Seminar by Prof. S. Gopalakrishnan in Auditorium, Aerospace Engineering Department @ 4 pm

Location: Auditorium

IISc-SIAM student chapter is an official student chapter of Society for Industrial and Applied Mathematics (SIAM) at IISc with the aim of promoting activities that are related to interaction between mathematics and areas of science, engineering and technology.

This event is an hour-long talk by Prof. S. Gopalakrishnan, faculty at AE dept., IISc.

Title: Wave Propagation in Different Structures and Materials


This talk will first introduce the fundamentals of wave propagation, spectral analysis, and the associated analytical, numerical and computational procedures to solve some of the complex problems in wave propagation. The goal here is to determine the wave parameters, namely the wavenumbers and the group speeds of the propagating waves in many complex media. The talk will present the numerical tools such as Frequency domain and Time domain spectral element method as analysis tool for solving wave propagation problems. First the talk will dwell on the propagation of elastic waves in metallic and composites waveguides and subsequently present the propagation of waves in functionally graded material structures. Following this, a brief introduction to non-local elasticity will be presented and following this propagation of elastic waves in Carbon nanotubes and nano structures will be discussed. The last part of the talk will cover some exciting problems in wave propagation namely the non- linear Hyperelastic waveguides and Quazicrystals. The talk will end with some discussion and conclusions.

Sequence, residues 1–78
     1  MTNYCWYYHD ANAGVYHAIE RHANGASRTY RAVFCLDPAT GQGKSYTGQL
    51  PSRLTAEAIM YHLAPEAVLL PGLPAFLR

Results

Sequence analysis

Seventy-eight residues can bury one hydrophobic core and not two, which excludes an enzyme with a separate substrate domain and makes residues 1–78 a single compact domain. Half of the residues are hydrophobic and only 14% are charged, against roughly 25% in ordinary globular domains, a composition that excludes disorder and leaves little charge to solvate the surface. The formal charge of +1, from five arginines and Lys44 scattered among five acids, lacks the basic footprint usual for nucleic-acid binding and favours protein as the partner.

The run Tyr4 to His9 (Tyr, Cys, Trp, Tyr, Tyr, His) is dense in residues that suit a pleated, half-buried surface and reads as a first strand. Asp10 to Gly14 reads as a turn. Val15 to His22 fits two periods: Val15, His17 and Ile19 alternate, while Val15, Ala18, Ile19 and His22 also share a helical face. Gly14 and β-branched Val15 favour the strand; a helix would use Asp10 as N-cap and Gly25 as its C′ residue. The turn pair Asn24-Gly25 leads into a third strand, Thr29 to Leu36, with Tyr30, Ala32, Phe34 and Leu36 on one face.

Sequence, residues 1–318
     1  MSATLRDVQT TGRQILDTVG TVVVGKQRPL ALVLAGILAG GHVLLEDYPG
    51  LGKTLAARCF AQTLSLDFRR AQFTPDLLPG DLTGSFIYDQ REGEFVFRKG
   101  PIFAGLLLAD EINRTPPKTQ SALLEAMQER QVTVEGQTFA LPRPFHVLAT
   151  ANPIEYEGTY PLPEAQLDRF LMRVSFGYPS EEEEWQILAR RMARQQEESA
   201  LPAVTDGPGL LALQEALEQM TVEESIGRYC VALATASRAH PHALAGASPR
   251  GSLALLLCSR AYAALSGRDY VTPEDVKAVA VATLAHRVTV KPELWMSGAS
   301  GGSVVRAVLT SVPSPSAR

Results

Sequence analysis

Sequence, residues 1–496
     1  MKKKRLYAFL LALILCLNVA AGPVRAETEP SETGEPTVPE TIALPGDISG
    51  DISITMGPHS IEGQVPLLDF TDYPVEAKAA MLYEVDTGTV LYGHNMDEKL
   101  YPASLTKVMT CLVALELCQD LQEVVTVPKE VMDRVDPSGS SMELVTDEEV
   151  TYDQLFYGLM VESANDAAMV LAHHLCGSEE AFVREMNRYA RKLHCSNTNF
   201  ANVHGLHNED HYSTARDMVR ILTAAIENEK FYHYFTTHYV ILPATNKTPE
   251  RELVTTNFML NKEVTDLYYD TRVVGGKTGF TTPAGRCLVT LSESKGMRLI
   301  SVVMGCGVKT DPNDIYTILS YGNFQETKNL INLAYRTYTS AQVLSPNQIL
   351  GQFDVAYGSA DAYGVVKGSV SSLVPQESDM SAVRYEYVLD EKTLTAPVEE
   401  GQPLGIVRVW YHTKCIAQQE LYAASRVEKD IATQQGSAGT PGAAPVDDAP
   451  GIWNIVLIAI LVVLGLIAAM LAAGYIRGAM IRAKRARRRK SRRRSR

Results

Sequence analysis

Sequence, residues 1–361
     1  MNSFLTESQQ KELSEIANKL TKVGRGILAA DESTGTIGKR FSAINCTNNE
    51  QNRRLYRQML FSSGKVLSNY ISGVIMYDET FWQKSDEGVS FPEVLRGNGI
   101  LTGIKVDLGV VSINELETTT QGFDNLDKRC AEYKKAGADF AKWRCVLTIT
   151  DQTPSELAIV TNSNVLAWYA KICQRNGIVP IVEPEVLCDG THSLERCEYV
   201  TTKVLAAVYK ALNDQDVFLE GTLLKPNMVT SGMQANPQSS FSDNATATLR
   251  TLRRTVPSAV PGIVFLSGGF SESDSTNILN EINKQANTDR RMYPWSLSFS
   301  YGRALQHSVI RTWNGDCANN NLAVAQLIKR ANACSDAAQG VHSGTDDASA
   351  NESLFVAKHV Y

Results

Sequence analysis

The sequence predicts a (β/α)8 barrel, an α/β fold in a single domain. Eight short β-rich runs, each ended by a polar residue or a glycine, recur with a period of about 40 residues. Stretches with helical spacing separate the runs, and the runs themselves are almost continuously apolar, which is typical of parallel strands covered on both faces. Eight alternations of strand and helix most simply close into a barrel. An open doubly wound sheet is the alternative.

Prof. S. Gopalakrishnan is a faculty in the Department of Aerospace Engineering, IISc. He is also currently KSIIDC Chair Professor at IISc. He works mainly in the areas of Structural Health Monitoring and wave propagation in complex mediums.

His notable contribution is the invention of a new numerical method called Spectral Finite Element Method (SFEM), which has already become a tool to solve many wave propagation problems in complex media involving very high frequency input. This has opened up the possibility of solving many difficult inverse problems such as load monitoring in aircrafts, crack detection and quantification in structures and systems, earthquake/Tsunami modeling, new material design for impact mitigation etc. His research efforts are primarily responsible for bringing out clarity and complete understanding of many wave based phenomena in complex media.